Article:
Brain Sci. 2014, 4(2), 273-294; doi:10.3390/brainsci4020273
Review

A Double-Edged Sword: Volatile Anesthetic Effects on the Neonatal Brain

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Received: 31 January 2014; in revised form: 28 March 2014 / Accepted: 31 March 2014 / Published: 16 April 2014
(This article belongs to the Special Issue Neurotoxicity and General Anaesthetics in the Young)
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Abstract: The use of volatile anesthetics, a group of general anesthetics, is an exceedingly common practice. These anesthetics may have neuroprotective effects. Over the last decade, anesthetic induced neurotoxicity in pediatric populations has gained a certain notoriety based on pre-clinical cell and animal studies demonstrating that general anesthetics may induce neurotoxicity, including neuroapoptosis, neurodegeneration, and long-term neurocognitive and behavioral deficits. With hundreds of millions of people having surgery under general anesthesia worldwide, and roughly six million children annually in the U.S. alone, the importance of clearly defining toxic or protective effects of general anesthetics cannot be overstated. Yet, with our expanding body of knowledge, we have come to learn that perhaps not all volatile anesthetics have the same pharmacological profiles; certain ones may have a more favorable neurotoxic profile and may actually exhibit neuroprotection in specific populations and situations. Thus far, very few clinical studies exist, and have not yet been convincing enough to alter our practice. This review will provide an update on current data regarding volatile anesthetic induced neurotoxicity and neuroprotection in neonatal and infant populations. In addition, this paper will discuss ongoing studies and the trajectory of further research over the coming years.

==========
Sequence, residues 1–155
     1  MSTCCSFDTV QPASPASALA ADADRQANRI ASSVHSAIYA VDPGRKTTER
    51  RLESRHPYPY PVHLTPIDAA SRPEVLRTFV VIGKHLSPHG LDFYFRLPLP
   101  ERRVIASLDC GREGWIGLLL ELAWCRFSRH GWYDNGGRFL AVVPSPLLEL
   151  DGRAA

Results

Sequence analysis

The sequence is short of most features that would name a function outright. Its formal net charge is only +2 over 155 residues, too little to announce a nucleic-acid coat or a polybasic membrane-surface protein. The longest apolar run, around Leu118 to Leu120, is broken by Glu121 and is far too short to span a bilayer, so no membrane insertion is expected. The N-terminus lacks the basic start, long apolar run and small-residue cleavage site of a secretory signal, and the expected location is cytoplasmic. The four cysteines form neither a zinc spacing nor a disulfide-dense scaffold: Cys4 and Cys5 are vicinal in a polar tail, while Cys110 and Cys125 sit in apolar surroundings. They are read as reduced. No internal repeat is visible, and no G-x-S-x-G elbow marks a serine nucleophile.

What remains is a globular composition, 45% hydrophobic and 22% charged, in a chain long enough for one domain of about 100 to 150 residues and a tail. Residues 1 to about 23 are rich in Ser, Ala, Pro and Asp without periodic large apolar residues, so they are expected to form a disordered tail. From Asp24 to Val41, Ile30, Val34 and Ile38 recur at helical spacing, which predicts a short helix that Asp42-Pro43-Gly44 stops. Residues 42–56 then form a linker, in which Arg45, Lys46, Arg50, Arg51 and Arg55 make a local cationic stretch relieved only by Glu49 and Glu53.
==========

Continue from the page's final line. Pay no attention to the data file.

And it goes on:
Keywords: anesthesia; anesthetics; neuroprotection; neurotoxicity; pediatrics; volatile anesthetics; preconditioning; postconditioning; ischemic conditioning
This is an open access article distributed under the Creative Commons Attribution License which permits unrestricted use, distribution, and reproduction in any medium, provided the original work is properly cited.

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MDPI and ACS Style

Chiao, S.; Zuo, Z. A Double-Edged Sword: Volatile Anesthetic Effects on the Neonatal Brain. Brain Sci. 2014, 4, 273-294.

AMA Style

Chiao S, Zuo Z. A Double-Edged Sword: Volatile Anesthetic Effects on the Neonatal Brain. Brain Sciences. 2014; 4(2):273-294.

Chicago/Turabian Style

Chiao, Sunny; Zuo, Zhiyi. 2014. "A Double-Edged Sword: Volatile Anesthetic Effects on the Neonatal Brain." Brain Sci. 4, no. 2: 273-294.


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